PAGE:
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Wheat Common

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  • Botanical: Triticum aestivum
  • Family: Poaceae
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Wheat Common

Botanical

Triticum aestivum

Family

Poaceae

Known as

Common wheat, Wheat, Triticum aestivum, Bread Wheat, Weichweizen, Brotweizen, Weizen

Old Use

culinary

Collection Times

August to September

Parts Used

grain, seed

Aroma

earthy

Medicinal

anxiety, bronchitis, bronchitis, cancer, coughs, dermatitis, gout, heartburn, rheumatism, sweaty feet, gynecological issues, stomach cramps

Hormone & Sexual Organs

estrogen dominance

Infection & Inflammation

fever, throat infections

Muscle & Joints

gout, rheumatism

Mind & Nerves

anxiety

Respiratory System

cough

Stomach & Intestinal

abdominal pain, cancer, cancer prevention, heartburn

Skin & Hair

dry skin, sweaty feet

Properties

antipyretic, antitoxic, anti inflammatory, aphrodisiac, sedative, stomachic

Extraction

cold pressed

Description

An annual, largely hairless grass, producing a spike (flowering and fruiting part) on each of its 1–5 culms (stems). Height is variable, from about 1.2–1.5 m for 1930s cultivars to about 85 cm for most modern cultivars, with a simultaneous strengthening of the culm so as to bear the increased weight (resulting from the increased grain yield) of the spike. This has been achieved by incorporating dwarfing genes, from Japanese cultivar Norin 10, into most modern (post 1960s) varieties.

The shorter height of modern cultivars enables them to be grown with fertiliser and irrigation; otherwise they would grow too tall and fall over (lodging).

Culms (stems): Hollow with hairless or hairy nodes. Each culm bearing around six leaves with blades up to 20 mm wide and up to 35 cm long. The position of the uppermost ‘flag leaf’ blade (upright, semi-nodding or nodding) is an important character as it plays a leading role in the metabolic assimilation rate and hence productivity of the plant.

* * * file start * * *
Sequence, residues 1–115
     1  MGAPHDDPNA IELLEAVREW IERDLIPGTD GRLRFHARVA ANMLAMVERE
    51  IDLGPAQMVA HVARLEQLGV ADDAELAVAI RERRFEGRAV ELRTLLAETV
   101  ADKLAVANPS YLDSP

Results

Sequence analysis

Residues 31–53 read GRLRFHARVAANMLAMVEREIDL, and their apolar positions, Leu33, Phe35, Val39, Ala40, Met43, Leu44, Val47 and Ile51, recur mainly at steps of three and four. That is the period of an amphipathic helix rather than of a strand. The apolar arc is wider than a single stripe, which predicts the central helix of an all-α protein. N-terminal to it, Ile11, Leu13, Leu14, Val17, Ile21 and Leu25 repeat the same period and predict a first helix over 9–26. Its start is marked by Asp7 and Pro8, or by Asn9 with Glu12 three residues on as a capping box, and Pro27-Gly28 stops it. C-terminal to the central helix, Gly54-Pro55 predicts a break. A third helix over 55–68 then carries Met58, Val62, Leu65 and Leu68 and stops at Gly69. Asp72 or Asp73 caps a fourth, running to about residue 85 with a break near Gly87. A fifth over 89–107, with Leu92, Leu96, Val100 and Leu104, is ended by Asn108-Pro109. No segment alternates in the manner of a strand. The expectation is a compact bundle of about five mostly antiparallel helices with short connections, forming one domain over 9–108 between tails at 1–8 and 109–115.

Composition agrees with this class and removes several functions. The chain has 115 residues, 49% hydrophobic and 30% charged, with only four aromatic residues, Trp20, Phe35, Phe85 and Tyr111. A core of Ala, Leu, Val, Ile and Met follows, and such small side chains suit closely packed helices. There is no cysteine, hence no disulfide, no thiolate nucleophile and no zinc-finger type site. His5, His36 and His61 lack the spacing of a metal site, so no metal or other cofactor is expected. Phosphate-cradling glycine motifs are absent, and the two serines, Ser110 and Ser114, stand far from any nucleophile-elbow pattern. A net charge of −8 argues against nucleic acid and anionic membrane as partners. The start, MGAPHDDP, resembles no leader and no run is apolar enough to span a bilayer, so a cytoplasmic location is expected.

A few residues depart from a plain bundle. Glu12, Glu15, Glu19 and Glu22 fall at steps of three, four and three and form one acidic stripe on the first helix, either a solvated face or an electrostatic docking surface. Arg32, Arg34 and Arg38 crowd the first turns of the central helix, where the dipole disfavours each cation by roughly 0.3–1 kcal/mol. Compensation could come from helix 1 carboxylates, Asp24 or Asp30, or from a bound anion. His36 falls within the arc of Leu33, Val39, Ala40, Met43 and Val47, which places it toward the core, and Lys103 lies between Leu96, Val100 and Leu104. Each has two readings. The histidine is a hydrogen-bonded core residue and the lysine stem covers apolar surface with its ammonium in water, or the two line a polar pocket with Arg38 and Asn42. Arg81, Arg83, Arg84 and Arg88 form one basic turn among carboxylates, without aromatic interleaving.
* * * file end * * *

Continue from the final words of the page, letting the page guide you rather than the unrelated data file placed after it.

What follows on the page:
Spikes (flowering and fruiting parts): Up to 15 cm long, almost square in cross-section, with 2–5 rudimentary spikelets (clustered units of flowers and bracts) at the base of 10–25 fertile spikelets (of which the number and density in the spike varies greatly among cultivars).

Glumes (empty bracts that enclose the spikelet) are keeled in the upper half, the keel extending into a tooth. Lemmas (bracts) are toothed or awned; when awned these increasing in length up to around 13 cm near the apex of the spike. Truly awnless bread wheat cultivars do not exist as there is always at least a short awn on some of the lemmas.

Seeds: Typically an average of two per spikelet (but significant variation has been recorded), oval in shape with a central groove on the ventral surface and a terminal tuft of hairs. Endosperm mealy (or sometimes flinty).

Properties & Uses

The young stems are used in the treatment of biliousness and intoxication. The ash is used to remove skin blemishes. The fruit is antipyretic and sedative. The light grain is antihydrotic. It is used in the treatment of night sweats and spontaneous sweating. The seed is said to contain sex hormones and has been used in China to promote female fertility.

The seed sprouts are antibilious, antivinous and constructive. They are used in the treatment of malaise, sore throat, thirst, abdominal coldness and spasmic pain, constipation and cough. The plant has anticancer properties. 

Other Uses

The straw has many uses, as a biomass for fuel etc, for thatching, as a mulch in the garden etc. A fibre obtained from the stems is used for making paper. The stems are harvested in late summer after the seed has been harvested, they are cut into usable pieces and soaked in clear water for 24 hours. They are then cooked for 2 hours in lye or soda ash and then beaten in a ball mill for 1½ hours in a ball mill.

The fibres make a green-tan paper. The starch from the seed is used for laundering, sizing textiles etc

Cautions

None known

Distribution

Of uncertain origin, perhaps the Middle East or Armenia

Constituents

Alkaloids, Flavonoids, Glycosides, Saponins, Tannins, Phytosterols, Triterpenoid, Amino acids, Protein